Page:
JUUL Labs is leaving its unhappy home in San Francisco, and moving to the land of lobbyists, lies, and scandals: Washington, D.C. The troubled company, trapped between its Silicon Valley roots and the vaping and tobacco industries it never quite fit into, will at the very least save on travel expenses. Executives will avoid air travel to testify at hearings and investigations, as it attempts to earn the approval of the FDA and Congress.
The company “seeks to repair its relationship with regulators and distance itself from Silicon Valley’s growth-at-all-costs culture,” according to the Wall Street Journal, which broke the story. The Journal says JUUL is moving its corporate offices, but will keep some staff in San Francisco, where its product development operations will remain.
JUUL will fit in well in money-worshipping, backstabbing Washington, as it seeks to “reset” the vaping “category.” That’s code for lobbying to ban all vaping product features that JUUL isn’t allowed to include in its own products—like flavors. In Florida, JUUL recently emailed its own online customers, asking them to urge the governor to sign a flavor ban into law. Except JUUL didn’t tell its customers that the bill was intended to ban flavors.
Along with tobacco companies RJ Reynolds (owned by British American Tobacco) and Altria, JUUL will spend its lobbying dollars in Washington advocating for a strict PMTA process that will probably wipe out most of the legal independent vaping industry. The goal is to compete only against low-powered, weak-flavored vapes, sold by well-dressed corporate lackeys who would never, ever vape themselves.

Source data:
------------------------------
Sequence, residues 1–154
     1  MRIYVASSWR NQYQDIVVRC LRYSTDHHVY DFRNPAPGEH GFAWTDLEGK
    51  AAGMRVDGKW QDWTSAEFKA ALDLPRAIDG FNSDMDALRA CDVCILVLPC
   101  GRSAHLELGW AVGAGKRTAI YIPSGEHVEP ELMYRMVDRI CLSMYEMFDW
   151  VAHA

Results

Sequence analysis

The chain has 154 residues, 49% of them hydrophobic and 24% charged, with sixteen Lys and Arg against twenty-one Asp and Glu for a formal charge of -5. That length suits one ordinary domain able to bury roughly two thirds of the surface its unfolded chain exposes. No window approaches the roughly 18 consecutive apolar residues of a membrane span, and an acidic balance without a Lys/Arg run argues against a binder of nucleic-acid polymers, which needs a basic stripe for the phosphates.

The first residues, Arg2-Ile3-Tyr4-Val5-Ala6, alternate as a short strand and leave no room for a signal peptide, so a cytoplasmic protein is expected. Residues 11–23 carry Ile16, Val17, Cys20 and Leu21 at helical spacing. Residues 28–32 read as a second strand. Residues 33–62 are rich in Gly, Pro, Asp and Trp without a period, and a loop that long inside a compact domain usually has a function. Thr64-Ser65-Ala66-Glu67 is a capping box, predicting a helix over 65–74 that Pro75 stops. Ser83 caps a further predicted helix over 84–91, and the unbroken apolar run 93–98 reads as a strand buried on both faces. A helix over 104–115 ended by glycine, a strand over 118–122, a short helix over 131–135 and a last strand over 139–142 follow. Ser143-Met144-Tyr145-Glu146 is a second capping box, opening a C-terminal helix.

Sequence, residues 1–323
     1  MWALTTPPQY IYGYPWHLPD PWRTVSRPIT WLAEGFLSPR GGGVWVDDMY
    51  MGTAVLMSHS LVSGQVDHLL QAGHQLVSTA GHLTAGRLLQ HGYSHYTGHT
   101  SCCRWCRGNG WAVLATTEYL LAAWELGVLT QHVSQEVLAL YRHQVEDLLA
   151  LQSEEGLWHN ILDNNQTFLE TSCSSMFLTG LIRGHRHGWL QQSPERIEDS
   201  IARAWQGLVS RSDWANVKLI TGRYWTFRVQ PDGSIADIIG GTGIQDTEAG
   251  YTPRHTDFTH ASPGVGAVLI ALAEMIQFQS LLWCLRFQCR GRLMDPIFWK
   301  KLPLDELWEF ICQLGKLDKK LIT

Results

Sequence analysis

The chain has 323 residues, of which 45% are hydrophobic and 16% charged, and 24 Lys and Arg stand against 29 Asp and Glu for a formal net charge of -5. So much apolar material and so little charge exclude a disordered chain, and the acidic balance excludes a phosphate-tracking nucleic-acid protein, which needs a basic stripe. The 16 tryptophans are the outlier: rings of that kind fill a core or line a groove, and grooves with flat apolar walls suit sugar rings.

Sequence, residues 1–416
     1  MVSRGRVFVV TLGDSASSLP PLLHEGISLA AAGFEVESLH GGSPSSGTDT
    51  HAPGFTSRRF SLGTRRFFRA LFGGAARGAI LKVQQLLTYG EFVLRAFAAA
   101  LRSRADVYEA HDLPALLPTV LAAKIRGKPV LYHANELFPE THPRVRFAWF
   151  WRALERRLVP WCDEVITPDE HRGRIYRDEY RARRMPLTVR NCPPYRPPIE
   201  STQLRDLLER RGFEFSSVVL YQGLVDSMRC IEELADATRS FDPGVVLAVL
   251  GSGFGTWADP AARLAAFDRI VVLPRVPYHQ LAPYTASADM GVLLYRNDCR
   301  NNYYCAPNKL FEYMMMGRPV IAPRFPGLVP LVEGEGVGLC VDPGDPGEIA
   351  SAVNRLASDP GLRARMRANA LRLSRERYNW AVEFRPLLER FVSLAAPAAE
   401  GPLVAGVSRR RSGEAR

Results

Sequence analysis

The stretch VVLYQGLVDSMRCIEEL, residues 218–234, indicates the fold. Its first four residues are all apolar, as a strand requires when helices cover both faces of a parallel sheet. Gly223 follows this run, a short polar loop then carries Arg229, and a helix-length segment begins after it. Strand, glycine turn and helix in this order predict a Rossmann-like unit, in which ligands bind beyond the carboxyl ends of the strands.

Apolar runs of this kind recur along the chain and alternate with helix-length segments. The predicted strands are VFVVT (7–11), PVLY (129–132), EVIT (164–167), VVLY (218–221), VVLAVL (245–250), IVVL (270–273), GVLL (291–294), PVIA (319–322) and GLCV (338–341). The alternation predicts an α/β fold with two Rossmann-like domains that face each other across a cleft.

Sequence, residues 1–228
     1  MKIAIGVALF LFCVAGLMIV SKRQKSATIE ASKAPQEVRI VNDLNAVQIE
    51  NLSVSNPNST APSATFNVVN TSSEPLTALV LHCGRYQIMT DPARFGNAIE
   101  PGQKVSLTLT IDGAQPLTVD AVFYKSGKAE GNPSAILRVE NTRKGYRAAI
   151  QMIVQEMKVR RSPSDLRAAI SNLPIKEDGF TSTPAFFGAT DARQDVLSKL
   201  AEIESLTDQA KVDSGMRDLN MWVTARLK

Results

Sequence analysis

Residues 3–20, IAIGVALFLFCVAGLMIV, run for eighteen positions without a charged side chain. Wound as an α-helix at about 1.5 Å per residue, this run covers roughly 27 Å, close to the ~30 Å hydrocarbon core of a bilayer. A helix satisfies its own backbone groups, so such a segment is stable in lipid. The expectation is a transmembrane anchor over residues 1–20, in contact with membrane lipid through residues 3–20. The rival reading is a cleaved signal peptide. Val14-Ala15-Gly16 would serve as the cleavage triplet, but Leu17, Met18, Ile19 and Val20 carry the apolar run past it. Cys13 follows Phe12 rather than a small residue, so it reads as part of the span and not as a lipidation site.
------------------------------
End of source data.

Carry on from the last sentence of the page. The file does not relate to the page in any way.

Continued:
JUUL has multiple offices in the Bay Area, including a 28-story office building it bought last year. The company announced the purchase on the same day that the San Francisco Board of Supervisors unanimously agreed to ban the sales of all vaping products (flavors had already been banned) in the city. The building went back on the market last winter.
What kind of vaping company continues to invest in a city that openly hates the vaping industry, and has actively tried to throw JUUL out? The same kind that expands operations rapidly in Europe while knowing the EU limit on nicotine would defang the potent 59 mg/mL JUUL product. Now JUUL is making plans to exit some European countries. It will scale down its Asian operations too, leaving South Korea.
The company began when it spun off from PAX Labs, the cannabis vape manufacturer founded by James Monsees and Adam Bowen, and originally called Ploom. JUUL has already cut many of its old ties. Co-founder James Monsees is gone, and the new CEO arrived via corporate partner Altria, which bought 35 percent of JUUL in late 2018. (The Federal Trade Commission recently sued to stop the Altria-JUUL investment, alleging the two companies engaged in anti-competitive practices.)
JUUL is planning on reducing its staff by almost one-third, cutting more than 900 jobs before the move to Washington. The company currently has about 3,000 employees around the world, but already made deep staff cuts last year after a $1 billion net loss, mostly caused by expenses incurred in its rapid international expansion.
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